Congress Ponders Cybersecurity Power Grab
from the no-cybersecurity-licenses-please dept
There was a lot of attention paid last week to a new “cybersecurity” bill that would drastically expand the government’s power over the Internet. The two provisions that have probably attracted the most attention are the parts that would allow the president to “declare a cybersecurity emergency” and then seize control of “any compromised Federal government or United States critical infrastructure information system or network.” Perhaps even more troubling, the EFF notes a section that states that the government “shall have access to all relevant data concerning (critical infrastructure) networks without regard to any provision of law, regulation, rule, or policy restricting such access.” Read literally, this language would seem to give the government the power to override the privacy protections in such laws as the Electronic Communications Privacy Act and the Foreign Intelligence Surveillance Act. Thankfully, Congress can’t override the Fourth Amendment by statute, but this language poses a real threat to Fourth Amendment rights.
One clause that I haven’t seen get the attention it deserves is the provision that would require a federal license, based on criteria determined by the Secretary of Commerce, to provide cybersecurity services to any federal agency or any “information system or network” the president chooses to designate as “critical infrastructure.” It’s hard to overstate how bad an idea this is. Cybersecurity is a complex and fast-moving field. There’s no reason to think the Department of Commerce has any special expertise in certifying security professionals. Indeed, security experts tend to be a contrarian bunch, and it seems likely that some of the best cybersecurity professionals will refuse to participate. Therefore, it’s a monumentally bad idea to ban the government from soliciting security advice from people who haven’t jumped through the requisite government hoops. Even worse, the proposal leaves the definition of “critical infrastructure” to the president’s discretion, potentially allowing him to designate virtually any privately-owned network or server as “critical infrastructure,” thereby limiting the freedom of private firms to choose cybersecurity providers.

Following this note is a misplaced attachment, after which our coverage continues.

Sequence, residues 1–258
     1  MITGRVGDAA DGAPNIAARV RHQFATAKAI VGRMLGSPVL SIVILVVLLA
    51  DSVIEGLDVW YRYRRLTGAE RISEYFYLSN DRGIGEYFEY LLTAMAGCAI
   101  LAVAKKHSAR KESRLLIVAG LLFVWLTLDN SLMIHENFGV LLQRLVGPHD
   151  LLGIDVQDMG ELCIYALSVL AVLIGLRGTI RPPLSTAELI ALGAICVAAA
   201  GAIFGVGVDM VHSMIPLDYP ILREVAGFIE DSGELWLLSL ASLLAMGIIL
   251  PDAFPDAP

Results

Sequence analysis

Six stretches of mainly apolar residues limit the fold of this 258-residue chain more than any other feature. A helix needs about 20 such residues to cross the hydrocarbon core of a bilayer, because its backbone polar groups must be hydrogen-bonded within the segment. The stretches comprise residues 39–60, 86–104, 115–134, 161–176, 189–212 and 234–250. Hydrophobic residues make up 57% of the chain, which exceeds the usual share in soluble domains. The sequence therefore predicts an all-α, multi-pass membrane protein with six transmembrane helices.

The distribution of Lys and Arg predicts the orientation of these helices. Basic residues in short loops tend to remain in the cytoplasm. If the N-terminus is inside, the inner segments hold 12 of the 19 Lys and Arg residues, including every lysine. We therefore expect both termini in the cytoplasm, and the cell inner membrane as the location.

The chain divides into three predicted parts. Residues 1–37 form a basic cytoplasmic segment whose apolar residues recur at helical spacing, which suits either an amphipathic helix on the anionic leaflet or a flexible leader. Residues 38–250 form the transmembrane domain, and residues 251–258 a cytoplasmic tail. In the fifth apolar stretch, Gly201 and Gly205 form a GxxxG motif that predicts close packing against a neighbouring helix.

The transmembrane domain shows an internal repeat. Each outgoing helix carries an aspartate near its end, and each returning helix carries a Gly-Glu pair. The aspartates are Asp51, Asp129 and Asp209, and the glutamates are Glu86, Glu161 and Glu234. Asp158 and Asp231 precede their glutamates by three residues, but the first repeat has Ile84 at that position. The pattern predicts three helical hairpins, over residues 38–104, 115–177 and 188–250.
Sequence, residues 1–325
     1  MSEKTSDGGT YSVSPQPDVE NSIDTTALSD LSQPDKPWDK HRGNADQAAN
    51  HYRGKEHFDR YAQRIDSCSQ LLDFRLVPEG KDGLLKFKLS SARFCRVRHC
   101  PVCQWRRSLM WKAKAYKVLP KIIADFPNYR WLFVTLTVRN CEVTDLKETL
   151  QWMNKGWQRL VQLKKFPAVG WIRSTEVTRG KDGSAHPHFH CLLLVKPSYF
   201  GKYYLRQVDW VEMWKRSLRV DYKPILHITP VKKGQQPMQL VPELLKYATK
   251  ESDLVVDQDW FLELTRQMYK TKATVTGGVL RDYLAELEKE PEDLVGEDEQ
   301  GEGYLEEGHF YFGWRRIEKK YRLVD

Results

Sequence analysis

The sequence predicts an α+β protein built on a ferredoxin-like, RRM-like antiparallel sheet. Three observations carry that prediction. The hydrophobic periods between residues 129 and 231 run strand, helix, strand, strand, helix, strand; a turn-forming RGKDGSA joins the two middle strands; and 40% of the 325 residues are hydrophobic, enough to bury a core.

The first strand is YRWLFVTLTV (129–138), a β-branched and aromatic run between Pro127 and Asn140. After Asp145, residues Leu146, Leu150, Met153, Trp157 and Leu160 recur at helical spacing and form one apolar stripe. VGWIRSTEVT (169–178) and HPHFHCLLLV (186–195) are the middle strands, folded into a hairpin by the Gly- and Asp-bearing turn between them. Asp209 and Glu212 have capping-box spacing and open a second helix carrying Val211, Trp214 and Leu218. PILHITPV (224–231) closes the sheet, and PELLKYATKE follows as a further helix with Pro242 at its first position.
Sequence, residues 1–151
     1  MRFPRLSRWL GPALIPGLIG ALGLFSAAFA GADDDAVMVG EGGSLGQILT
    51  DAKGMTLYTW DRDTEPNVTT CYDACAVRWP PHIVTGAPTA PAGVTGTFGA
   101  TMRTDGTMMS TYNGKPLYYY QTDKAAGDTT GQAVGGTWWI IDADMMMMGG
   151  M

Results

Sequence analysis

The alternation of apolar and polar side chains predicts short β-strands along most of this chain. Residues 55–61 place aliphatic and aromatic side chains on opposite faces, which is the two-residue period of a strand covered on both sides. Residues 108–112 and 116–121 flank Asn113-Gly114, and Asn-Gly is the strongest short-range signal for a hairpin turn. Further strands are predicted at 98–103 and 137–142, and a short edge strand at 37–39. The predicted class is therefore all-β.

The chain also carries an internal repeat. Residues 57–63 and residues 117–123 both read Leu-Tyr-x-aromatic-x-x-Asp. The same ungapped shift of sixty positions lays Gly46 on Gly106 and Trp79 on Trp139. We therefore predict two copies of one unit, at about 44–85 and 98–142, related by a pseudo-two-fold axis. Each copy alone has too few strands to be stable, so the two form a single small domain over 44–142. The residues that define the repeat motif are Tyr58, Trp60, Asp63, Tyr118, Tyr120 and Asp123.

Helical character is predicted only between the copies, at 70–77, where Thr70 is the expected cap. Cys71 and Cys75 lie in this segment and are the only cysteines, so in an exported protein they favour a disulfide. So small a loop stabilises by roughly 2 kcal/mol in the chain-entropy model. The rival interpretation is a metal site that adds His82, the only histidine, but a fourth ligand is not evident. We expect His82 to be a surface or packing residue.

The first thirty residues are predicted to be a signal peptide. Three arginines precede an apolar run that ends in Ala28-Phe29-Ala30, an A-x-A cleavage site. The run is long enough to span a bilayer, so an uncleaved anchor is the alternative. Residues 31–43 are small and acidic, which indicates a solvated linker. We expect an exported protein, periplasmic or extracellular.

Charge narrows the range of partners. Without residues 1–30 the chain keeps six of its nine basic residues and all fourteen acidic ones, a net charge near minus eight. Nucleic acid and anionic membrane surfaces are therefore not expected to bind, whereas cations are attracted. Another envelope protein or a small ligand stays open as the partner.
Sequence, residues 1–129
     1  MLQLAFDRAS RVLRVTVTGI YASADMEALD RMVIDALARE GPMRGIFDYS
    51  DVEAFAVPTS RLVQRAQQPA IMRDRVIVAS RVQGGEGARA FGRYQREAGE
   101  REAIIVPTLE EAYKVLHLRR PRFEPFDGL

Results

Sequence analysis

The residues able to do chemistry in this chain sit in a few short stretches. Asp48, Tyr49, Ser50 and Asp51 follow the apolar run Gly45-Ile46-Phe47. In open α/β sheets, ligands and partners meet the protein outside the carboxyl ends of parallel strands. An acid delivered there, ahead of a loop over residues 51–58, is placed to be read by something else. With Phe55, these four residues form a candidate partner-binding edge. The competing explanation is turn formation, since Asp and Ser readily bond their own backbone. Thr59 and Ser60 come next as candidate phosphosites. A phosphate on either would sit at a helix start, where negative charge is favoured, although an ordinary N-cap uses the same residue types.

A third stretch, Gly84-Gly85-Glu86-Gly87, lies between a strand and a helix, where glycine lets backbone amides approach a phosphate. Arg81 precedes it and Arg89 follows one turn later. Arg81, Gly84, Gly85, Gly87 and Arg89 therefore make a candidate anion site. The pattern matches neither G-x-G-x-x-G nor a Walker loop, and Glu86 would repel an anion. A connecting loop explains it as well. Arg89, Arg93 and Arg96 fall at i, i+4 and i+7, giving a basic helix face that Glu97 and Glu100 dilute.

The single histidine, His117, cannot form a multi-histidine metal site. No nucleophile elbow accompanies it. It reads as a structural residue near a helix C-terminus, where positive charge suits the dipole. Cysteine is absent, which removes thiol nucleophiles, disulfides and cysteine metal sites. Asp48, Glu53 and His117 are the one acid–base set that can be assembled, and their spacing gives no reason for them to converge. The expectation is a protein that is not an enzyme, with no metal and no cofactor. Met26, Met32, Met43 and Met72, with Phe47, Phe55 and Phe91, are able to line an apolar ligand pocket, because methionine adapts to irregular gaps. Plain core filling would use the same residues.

When thinking about cyber-security, it’s important to keep in mind that an open network like the Internet is never going to be perfectly secure. Providers of genuinely critical infrastructure like power grids and financial networks should avoid connecting it to the Internet at all. Moreover, the most significant security threats on the Internet, including botnets and viruses, are already illegal under federal law. If Congress is going to pass cybersecurity legislation this session (and it probably shouldn’t) it should focus on providing federal law enforcement officials with the resources to enforce the cyber-security laws we already have (and getting the government’s own house in order), not give the government sweeping and totally unnecessary new powers that are likely to be abused.